Dry eye disease (DED) is one of the most common conditions presenting to eye care providers and is increasingly recognized to have poor outcomes on quality of life, activities of daily living, and social and emotional well-being. Here, we aim to understand the association between dry eye symptoms and workplace productivity experienced by patients with non-Sjögren’s dry eye and Sjögren’s Syndrome.
MEDLINE, PubMed, Embase, Cochrane Library, CINAHL, Healthstar, and PsycINFO were searched from inception to May 2019.
Thirty-one studies consisting of 50,446 study participants from 14 countries were included in this systematic review. Among non-Sjögren’s dry eye patients, there was significant absenteeism (ES = 0.19; 95% CI: [0.04, 0.35]), presenteeism (ES = 0.25; 95% CI: [0.15. 0.35]), productivity impairment (ES = 0.24; 95% CI: [0.20, 0.27]), activity impairment (ES = 0.30; 95% CI: [0.21, 0.38]), and subjective difficulties at work (ES = 0.58; 95% CI: [0.40, 0.75]). Patients with Sjögren’s Syndrome demonstrated significant absenteeism (ES = 0.13, 95% CI: [0.10, 0.17]), presenteeism (ES = 0.28, 95% CI: [0.24, 0.32]), productivity impairment (ES = 0.31, 95% CI: [0.27, 0.35]), and activity impairment (ES = 0.39, 95% CI: [0.32, 0.47]) in the workplace. In addition, patients with Sjögren’s Syndrome demonstrated significantly lower employment rate (ES = 0.42, 95% CI: [0.34, 0.50]), decreased number of hours worked (SMD = -0.21, 95% CI: [-0.39, -0.02]), and increased work disability (ES = 0.18; 95% CI: [0.09, 0.27]).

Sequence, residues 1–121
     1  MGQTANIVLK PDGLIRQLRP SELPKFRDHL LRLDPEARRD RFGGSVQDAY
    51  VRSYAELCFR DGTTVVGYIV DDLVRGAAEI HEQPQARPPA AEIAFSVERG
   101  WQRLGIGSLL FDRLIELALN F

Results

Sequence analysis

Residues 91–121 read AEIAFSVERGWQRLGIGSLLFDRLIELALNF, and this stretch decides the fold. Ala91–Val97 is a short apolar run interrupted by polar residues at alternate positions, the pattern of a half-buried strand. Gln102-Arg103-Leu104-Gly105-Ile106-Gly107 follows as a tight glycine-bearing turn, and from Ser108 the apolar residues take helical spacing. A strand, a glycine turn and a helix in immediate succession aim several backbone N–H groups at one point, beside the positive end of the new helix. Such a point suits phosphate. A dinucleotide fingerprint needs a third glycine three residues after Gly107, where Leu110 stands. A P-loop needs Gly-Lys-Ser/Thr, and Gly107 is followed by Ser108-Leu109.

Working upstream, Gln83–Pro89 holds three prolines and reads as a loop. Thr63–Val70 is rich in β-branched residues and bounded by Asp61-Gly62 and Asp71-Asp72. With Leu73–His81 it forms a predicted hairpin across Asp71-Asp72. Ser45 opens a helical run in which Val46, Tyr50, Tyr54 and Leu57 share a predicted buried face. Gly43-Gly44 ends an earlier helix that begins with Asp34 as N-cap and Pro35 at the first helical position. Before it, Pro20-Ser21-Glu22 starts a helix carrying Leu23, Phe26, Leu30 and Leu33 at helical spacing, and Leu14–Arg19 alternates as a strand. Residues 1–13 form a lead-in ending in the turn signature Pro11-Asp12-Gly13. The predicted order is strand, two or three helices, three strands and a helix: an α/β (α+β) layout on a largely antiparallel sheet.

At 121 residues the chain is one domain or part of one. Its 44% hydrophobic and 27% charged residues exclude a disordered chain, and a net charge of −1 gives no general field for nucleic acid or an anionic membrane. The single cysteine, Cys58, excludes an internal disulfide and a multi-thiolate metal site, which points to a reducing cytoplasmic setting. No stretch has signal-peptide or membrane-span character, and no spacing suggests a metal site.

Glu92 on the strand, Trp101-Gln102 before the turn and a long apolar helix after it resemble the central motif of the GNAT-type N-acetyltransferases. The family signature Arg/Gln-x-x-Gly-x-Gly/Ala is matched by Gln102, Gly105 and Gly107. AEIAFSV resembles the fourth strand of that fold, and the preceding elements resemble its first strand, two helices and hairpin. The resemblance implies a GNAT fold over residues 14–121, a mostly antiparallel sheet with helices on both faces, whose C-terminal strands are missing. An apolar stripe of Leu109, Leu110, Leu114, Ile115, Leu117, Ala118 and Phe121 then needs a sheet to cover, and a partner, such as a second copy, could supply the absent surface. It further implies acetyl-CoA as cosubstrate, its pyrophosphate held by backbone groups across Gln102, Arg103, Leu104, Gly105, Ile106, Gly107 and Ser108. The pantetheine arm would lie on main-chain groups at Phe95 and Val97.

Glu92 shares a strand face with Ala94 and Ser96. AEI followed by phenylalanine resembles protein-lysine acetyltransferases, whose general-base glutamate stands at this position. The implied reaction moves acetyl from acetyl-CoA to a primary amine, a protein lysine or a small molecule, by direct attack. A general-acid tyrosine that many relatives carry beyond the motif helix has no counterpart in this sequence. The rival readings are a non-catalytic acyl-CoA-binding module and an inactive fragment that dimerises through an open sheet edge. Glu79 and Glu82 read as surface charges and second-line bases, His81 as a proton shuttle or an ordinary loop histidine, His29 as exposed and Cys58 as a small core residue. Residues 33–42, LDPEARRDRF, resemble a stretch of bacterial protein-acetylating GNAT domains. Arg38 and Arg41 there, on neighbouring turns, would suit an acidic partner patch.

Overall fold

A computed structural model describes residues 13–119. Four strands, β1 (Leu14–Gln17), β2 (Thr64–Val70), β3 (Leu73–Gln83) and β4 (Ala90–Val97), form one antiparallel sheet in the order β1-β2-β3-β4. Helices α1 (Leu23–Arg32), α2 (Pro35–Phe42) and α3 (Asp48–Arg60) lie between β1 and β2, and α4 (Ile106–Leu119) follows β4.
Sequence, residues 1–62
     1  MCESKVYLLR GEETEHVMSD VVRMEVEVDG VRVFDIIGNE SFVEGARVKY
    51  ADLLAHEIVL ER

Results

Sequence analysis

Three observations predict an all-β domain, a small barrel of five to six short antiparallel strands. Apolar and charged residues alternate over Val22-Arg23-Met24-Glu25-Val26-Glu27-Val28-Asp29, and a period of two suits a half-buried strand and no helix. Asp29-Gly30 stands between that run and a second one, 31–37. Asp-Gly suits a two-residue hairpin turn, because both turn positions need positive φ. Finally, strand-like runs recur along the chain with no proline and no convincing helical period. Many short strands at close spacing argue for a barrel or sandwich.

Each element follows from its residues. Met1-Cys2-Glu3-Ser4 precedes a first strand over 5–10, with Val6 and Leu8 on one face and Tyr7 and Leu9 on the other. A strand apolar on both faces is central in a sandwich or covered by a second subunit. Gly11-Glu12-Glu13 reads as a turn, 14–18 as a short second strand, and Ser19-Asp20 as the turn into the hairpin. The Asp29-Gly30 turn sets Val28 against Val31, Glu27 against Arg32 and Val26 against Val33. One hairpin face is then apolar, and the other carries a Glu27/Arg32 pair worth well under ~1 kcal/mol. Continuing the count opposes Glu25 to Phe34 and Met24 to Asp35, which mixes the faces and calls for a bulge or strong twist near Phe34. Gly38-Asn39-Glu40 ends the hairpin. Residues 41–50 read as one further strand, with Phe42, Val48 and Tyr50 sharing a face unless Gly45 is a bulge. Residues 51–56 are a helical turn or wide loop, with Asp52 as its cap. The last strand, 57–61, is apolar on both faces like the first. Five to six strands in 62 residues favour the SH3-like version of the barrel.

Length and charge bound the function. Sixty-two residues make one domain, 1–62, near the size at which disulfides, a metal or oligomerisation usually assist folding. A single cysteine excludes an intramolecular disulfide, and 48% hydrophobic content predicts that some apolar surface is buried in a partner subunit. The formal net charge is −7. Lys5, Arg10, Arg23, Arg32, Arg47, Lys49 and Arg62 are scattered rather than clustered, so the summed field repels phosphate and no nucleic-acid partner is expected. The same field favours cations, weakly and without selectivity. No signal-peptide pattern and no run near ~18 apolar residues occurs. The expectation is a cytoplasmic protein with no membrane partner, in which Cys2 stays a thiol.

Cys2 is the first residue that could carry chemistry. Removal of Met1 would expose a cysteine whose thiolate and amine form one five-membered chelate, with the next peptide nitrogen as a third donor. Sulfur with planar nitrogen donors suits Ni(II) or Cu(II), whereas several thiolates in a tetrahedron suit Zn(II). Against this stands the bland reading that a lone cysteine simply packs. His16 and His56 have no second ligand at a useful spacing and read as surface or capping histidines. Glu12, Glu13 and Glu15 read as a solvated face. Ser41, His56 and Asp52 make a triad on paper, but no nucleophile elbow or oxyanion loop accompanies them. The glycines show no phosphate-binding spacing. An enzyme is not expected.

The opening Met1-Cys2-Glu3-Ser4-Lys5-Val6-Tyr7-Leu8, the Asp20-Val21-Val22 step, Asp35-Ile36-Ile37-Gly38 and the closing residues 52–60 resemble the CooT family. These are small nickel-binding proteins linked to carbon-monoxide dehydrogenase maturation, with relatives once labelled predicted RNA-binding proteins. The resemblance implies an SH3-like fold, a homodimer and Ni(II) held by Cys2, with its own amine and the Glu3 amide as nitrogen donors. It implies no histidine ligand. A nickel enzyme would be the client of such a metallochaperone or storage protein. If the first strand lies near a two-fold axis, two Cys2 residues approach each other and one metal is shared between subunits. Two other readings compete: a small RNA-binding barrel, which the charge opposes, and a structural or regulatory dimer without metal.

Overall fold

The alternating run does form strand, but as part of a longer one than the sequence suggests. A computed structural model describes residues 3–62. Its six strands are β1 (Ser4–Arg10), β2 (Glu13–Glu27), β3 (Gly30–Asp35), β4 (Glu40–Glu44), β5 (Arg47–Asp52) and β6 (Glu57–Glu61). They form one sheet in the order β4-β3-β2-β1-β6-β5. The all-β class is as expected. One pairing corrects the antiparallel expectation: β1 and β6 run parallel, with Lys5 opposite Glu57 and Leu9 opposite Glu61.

This is the first systematic review and meta-analysis to demonstrate the negative association between DED and several work productivity measures.